Sanders settlement approved by council

AUSTIN (KXAN) – The Austin City Council on Thursday approved a $750,000 settlement for the family of Nathaniel Sanders, the teenager who was killed by an Austin police officer in 2009. The council also voted to settle with the passenger in Sanders’ car who was wounded in the shooting.

Mayor Lee Leffingwell and Council member Mike Martinez were the only members to vote against the Sanders deal. The $175,000 settlement with Sir Lawrence Smith was settled by a 6-0 vote.

The settlements were expected, and the recent election of Kathie Tovo ensured that the deal had the support needed to pass.

“I believe that settling the case outside of court instead of letting it go to trial is really in the best interest of the city,” Tovo said on Wednesday.

Council Member Sheryl Cole led the effort to bring the vote back to council. She says this vote will finally help heal a community divided by the shooting and last years no vote.

“It has stretched the fabric of our community. And it was emotional to finally see it come to closure and we finally put it behind us,” Cole said after the vote on Thursday.
The settlement comes a little more than two years after 18-year-old Sanders was shot and killed by Senior Officer Leonardo Quintana.

In the early morning hours of May 11, 2009, Quintana spotted a car police believed to be involved in a string of robberies.

When Quintana approached the car, Sanders, who was asleep, woke up and the two struggled over a gun hidden in Sanders’ waistband.

Quintana fired his gun, killing Sanders and injuring another person in the car, Sir Lawrence Smith.

Since then, Quintana has been fired by Austin’s police chief after being arrested for domestic violence.

Council member Cole, Laura Morrison and Tovo sponsored the resolution to settle the case. Council member Bill Spelman and Chris Riley also voted to approve the settlement.
“When you make a settlement, you are not admitting guilt. You are not making an indictment against the officers, you are simply saying, I don’t know and I don’t want to risk it,” said Cole.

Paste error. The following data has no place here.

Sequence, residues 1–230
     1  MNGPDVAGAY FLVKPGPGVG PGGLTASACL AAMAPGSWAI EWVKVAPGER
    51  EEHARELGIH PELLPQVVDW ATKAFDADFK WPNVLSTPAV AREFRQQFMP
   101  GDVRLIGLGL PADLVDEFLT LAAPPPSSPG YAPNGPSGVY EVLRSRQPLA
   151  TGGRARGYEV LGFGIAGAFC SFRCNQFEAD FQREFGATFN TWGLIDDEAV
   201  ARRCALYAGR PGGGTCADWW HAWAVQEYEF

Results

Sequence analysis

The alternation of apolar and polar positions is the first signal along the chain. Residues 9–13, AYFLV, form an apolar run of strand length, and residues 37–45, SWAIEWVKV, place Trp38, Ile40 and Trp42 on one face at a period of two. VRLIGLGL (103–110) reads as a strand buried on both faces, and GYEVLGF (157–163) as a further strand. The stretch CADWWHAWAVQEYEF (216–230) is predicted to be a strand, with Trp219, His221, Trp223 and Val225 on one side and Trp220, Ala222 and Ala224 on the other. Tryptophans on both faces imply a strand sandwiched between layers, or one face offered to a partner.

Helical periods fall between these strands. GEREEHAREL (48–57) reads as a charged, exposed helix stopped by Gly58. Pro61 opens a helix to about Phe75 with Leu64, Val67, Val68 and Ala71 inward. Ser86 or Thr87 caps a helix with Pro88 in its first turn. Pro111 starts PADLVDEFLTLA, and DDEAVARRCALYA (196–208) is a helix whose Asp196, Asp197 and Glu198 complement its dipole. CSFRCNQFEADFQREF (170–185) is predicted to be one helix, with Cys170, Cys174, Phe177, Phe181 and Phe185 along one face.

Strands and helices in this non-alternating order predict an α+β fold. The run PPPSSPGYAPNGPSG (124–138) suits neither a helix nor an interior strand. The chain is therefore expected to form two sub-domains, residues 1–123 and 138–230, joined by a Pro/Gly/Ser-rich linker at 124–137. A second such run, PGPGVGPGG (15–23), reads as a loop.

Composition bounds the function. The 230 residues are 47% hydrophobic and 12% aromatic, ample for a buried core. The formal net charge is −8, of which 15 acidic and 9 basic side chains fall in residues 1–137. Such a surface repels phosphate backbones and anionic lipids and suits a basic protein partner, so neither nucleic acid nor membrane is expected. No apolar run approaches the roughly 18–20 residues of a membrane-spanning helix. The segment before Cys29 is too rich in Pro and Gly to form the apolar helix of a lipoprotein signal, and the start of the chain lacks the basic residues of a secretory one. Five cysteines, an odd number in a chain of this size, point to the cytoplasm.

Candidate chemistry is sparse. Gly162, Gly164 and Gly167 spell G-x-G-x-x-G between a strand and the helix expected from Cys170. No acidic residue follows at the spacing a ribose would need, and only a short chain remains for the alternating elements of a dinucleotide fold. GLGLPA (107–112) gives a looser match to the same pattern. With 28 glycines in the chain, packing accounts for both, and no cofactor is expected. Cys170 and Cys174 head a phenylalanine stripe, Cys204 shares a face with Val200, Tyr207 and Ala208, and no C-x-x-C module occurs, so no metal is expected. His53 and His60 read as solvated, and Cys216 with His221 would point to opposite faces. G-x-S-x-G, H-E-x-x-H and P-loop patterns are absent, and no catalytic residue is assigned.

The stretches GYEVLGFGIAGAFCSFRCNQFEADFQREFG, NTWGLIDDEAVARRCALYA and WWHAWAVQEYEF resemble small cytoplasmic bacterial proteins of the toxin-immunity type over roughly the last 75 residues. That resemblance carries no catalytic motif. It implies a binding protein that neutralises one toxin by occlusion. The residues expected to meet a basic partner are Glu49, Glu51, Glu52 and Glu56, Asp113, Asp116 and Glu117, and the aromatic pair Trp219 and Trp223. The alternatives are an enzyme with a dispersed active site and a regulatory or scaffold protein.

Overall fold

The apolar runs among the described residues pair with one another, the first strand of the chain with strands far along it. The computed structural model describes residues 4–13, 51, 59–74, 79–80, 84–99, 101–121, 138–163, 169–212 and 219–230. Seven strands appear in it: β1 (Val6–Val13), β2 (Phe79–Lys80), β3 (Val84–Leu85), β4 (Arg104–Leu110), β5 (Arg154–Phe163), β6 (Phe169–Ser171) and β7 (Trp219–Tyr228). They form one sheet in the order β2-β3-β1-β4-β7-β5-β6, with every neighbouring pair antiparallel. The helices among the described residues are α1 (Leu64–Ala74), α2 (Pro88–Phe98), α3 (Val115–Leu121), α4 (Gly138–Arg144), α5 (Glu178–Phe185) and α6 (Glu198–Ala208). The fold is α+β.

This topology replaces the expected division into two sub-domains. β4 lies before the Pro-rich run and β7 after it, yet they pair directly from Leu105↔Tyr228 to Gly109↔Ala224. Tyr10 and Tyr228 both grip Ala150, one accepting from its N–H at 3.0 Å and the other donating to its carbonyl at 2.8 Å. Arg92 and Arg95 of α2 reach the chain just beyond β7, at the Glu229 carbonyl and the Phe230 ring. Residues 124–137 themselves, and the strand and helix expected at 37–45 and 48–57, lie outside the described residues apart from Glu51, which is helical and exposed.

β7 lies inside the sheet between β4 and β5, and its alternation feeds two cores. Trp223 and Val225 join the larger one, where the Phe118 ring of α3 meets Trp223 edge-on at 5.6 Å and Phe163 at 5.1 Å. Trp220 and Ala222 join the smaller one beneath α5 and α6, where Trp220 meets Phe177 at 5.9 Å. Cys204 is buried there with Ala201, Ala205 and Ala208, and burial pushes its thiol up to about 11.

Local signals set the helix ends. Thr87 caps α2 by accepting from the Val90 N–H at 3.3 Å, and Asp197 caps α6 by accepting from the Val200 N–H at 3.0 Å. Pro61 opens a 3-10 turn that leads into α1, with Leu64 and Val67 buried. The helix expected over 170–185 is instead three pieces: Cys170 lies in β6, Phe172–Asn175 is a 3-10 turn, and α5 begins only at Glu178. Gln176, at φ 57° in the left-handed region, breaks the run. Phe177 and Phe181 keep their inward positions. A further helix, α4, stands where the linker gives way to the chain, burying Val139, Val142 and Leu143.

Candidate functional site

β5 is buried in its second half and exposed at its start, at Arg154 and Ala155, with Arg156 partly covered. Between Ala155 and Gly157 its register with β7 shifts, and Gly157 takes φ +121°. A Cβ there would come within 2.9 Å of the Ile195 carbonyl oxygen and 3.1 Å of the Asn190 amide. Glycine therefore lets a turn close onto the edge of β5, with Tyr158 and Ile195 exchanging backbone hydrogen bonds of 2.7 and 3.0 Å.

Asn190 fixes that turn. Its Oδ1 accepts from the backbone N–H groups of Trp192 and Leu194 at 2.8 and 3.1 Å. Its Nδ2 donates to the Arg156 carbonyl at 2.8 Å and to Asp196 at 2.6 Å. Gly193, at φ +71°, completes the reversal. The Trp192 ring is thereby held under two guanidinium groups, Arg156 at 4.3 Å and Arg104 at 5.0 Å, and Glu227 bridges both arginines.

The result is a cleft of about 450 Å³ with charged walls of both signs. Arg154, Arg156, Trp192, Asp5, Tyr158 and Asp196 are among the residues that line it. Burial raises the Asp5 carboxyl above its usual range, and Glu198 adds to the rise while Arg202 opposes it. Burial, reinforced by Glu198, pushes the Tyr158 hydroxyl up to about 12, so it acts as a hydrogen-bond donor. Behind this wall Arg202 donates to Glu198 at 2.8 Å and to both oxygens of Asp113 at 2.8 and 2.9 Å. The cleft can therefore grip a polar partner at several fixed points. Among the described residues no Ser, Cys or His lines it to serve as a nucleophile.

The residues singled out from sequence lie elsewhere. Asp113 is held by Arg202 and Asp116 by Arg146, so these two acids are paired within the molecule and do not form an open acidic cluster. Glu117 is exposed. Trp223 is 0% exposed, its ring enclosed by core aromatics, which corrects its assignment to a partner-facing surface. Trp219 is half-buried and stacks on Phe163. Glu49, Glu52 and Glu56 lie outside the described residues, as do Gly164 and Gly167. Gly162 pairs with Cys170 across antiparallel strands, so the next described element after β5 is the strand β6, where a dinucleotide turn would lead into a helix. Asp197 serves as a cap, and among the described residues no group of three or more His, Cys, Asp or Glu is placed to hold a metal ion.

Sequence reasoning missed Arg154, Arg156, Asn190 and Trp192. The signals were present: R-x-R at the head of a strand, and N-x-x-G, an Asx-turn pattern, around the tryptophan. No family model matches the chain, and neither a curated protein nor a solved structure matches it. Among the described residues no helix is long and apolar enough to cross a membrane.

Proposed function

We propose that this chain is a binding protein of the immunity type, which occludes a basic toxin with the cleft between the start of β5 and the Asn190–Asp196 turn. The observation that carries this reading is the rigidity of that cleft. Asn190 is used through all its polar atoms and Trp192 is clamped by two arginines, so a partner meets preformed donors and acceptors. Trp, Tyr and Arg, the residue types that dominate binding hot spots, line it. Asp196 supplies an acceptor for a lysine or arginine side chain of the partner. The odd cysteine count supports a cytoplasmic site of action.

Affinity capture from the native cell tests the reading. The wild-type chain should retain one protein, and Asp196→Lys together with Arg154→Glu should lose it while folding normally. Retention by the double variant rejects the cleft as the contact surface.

Had the council not settled the case it would have gone to a federal courtroom in November. Cole and other council members were worried that fighting the case in court could end up costing the city more than settlement.

On Tuesday Spelman told a radio station that he believes the city should settle the case because the officer violated Austin Police Department policy.

In a letter sent to Spelman, Sgt. Wayne Vincent, president of the Austin Police Association, strongly criticized Spelman for that interview.

“Your careless statements are an example of what makes a police officer’s job so difficult,” Vincent said in the letter sent to Spelman on Wednesday.

Last year Mayor Lee Leffingwell, Council members Mike Martinez and Chris Riley all voted against the settlement.

“The case is basically one where the officer involved was found not to have violated any policy other than failing to turn his camera on,” said Leffingwell.
Leffingwell and Vincent both believe the settlement will send the wrong message to Austin Police Officers.

“I think that if you don’t support your officers when they are right they are not going to be able to do their job the way they need to do it to protect and serve the people of Austin,” Leffingwell said.

However Cole and Tovo said the settlement does not send that message to Austin Police Officers. 

“They should not take this as an admission of guilt or indictment or us not standing behind them 100 percent,” Cole said. 
The Sanders family was not in the council chambers today. Their lawyer, Adam Loewy said in a statement, “We are pleased that this has been resolved.”